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Information Strategy:
Building a Data Management Strategy Part 2: Technology

  Column published in DM Review Magazine
November 2005 Issue
  By Jane Griffin

In last month's column, I began an in-depth series about master data management (MDM) in a service-oriented architecture (SOA). That column focused on the process component of the MDM framework that must be built to implement an SOA. This column continues that discussion and focuses on the technology necessary to support the MDM framework.

The technology behind the MDM framework consists of an explicit, layered path for data to move through the framework. First is the data integration layer that retrieves data from all applicable IT systems. This layer consists of messaging, synchronization, cross-referencing, mapping and process management tools. Here, data from organizational IT systems is cleansed, transformed, loaded and routed to the next layer: the data management layer.

The data management layer houses correct data definitions and the master data model for the company's information architecture. Thus, it is the main source of "truth" about organizational data. This layer also serves as the framework's data consolidation engine. The cleansed, transformed data from the data integration layer is cataloged and aggregated here and awaits distribution to the portal or data presentation layer.

The data presentation layer usually takes the form of an enterprise portal that disseminates information based on user roles and security levels. However, from an MDM perspective, the most important part of the presentation layer is transparent to the user. It is an MDM server that facilitates change management across business performance management (BPM) and transaction systems.

While the layered MDM framework appears straightforward in its construction, if it is built well, it actually consists of highly sophisticated, market-leading data integration, management and presentation tools that coalesce into a powerful, smoothly functioning unit. It is incredibly important to select the right tools - in the right combination - to ensure that what you want is actually what you end up with.

Let's start with the tools that make up the data integration layer. These tools are also known as data quality (DQ) and data extraction, transformation and loading (ETL) tools. They should be specifically designed to function in an SOA environment. There are myriad DQ and ETL toolsets on the market; however, it is only in the past several years that vendors have designed tools to fit in SOA environments.

ETL and DQ tools for SOAs allow administrators to design data integration services that developers can use without necessarily understanding all the complexities of all the data sources or individual technologies. These services can also easily be shared by relevant applications or processes. Finally, SOA-specific ETL and DQ tools also enable higher levels of reuse for the SOA's data integration logic rules.

The data management toolset should also be selected with the SOA environment in mind; but in an MDM context, it is not so much about the SOA environment as it is about facilitating enterprise-wide MDM consolidation. Obviously, the data management toolset should enable management and exchange of master data - standard and nonstandard - on key subjects such as products, customers, brands, market segments and geographies. It should also permit flexible master data modeling that can be used across all applications. Finally, it should enhance enterprise data governance by enabling business people to manage master data quality via collaboration and workflow management technologies.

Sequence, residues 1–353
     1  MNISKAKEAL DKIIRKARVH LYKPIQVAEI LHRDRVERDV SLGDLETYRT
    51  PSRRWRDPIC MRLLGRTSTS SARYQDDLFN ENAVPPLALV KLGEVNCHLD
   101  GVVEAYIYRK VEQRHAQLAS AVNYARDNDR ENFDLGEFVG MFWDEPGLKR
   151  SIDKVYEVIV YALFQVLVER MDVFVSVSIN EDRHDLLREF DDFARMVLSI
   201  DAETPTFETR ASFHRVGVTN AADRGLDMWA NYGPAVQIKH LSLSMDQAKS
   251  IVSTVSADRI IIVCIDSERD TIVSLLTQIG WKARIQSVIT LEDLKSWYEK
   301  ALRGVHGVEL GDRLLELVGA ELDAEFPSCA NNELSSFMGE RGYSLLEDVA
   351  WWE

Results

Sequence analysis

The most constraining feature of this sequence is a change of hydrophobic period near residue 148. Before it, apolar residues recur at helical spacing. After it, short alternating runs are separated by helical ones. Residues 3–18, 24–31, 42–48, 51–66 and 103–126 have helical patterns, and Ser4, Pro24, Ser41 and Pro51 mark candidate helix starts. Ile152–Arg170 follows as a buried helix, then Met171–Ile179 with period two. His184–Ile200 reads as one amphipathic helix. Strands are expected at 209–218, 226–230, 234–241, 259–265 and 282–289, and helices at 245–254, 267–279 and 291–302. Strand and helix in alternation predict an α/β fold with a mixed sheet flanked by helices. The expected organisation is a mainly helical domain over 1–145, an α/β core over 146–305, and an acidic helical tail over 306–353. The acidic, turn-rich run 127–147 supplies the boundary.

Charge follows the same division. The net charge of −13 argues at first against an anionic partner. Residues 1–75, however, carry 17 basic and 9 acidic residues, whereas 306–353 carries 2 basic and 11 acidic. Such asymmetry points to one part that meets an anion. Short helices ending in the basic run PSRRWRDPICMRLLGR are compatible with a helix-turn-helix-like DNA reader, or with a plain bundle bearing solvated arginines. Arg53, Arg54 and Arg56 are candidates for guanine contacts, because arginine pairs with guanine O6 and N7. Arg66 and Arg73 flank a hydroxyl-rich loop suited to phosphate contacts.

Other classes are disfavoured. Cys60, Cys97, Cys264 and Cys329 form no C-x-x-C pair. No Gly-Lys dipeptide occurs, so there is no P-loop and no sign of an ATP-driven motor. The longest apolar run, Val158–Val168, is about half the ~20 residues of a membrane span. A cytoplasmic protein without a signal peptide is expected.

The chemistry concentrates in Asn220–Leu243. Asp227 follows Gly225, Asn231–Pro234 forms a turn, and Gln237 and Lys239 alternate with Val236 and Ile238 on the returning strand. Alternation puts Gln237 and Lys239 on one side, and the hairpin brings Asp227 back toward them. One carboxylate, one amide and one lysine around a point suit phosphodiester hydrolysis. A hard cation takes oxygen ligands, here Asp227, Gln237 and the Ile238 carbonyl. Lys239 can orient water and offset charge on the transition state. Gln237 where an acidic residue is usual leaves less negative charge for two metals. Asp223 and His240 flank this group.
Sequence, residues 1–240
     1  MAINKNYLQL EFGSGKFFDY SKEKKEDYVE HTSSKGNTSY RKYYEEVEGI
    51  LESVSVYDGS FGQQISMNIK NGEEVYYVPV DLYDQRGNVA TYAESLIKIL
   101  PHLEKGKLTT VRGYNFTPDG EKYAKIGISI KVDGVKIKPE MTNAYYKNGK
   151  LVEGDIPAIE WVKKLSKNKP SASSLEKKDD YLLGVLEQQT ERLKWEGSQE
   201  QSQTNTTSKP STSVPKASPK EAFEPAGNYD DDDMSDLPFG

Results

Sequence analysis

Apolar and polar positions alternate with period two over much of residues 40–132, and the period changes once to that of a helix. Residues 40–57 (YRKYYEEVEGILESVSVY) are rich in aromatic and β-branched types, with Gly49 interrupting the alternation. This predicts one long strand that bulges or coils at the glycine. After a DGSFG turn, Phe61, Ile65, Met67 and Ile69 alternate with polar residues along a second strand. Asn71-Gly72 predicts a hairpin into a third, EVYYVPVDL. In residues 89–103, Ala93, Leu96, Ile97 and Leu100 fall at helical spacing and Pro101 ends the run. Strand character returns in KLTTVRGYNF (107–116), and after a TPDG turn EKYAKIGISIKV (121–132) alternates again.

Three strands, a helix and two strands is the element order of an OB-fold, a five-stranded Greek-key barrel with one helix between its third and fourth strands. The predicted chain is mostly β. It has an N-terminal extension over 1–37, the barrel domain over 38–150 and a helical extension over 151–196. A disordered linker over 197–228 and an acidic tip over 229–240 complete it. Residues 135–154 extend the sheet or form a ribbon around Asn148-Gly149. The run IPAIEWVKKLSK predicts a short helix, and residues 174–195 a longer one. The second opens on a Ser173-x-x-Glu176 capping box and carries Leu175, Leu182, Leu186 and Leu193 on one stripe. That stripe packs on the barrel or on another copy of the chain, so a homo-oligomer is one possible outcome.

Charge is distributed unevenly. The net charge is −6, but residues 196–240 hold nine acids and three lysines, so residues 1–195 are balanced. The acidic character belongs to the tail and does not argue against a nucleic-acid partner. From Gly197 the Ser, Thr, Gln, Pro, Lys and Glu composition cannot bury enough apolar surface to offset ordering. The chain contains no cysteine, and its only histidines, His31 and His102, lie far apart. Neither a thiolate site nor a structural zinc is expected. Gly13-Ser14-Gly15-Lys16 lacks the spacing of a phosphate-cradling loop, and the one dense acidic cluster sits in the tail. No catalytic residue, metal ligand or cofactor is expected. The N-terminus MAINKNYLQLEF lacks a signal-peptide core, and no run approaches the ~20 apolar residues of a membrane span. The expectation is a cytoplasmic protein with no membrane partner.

As I said earlier, the data presentation layer in an MDM framework focuses on enabling enhanced, seamless change management across business performance management (BPM) and transaction systems. To do this, the data presentation toolset must include an MDM server that allows the organization to handle (and correct) differences in data elements, merge fields when necessary, perform data import/exports easily, and establish and monitor audit trails. It must also be highly scalable. Further, it must integrate with other IT systems to support an enterprise deployment model with support for enterprise ERP, CRM, legacy, customized and packaged systems. From an SOA perspective, the data presentation tools you choose should make the loosely coupled nature of the SOA transparent to users, in that it should present a cohesive interface, no matter what services are requested.

When you are implementing an MDM framework in preparation for or in conjunction with an SOA, often success will be at least partially measured as a function of which tools you choose. It is crucial that you choose tools with top-quality functionality and scalability. It is also essential that you choose tools that have been designed to fit in the loosely coupled, service-based SOA environment. Working closely with your vendor partners should ensure that you choose the right tools for your company. After that, implementation will present challenges, but the finished product should be well worth the effort! 


For more information on related topics visit the following related portals...
Data Quality, Enterprise Information Management, ETL, Master Data Management and Reference Data.

Jane Griffin is a Deloitte Consulting partner. Griffin has designed and built business intelligence solutions and data warehouses for clients in numerous industries. She may be reached via e-mail at janegriffin@deloitte.com

Deloitte Consulting LLP Principals Lee Dittmar and Jane Griffin talk about the importance of closing the gap between data and information in a podcast entitled "Compliance and IT: A Catalyst for Change."

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